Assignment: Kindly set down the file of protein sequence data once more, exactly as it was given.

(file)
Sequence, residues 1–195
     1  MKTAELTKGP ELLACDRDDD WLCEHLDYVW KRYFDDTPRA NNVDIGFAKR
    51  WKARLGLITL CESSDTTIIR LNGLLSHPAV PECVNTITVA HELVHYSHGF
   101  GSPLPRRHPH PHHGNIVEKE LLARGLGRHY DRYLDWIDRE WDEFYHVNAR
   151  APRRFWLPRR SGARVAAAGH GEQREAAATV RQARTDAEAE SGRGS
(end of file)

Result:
Sequence, residues 1–195
     1  MKTAELTKGP ELLACDRDDD WLCEHLDYVW KRYFDDTPRA NNVDIGFAKR
    51  WKARLGLITL CESSDTTIIR LNGLLSHPAV PECVNTITVA HELVHYSHGF
   101  GSPLPRRHPH PHHGNIVEKE LLARGLGRHY DRYLDWIDRE WDEFYHVNAR
   151  APRRFWLPRR SGARVAAAGH GEQREAAATV RQARTDAEAE SGRGS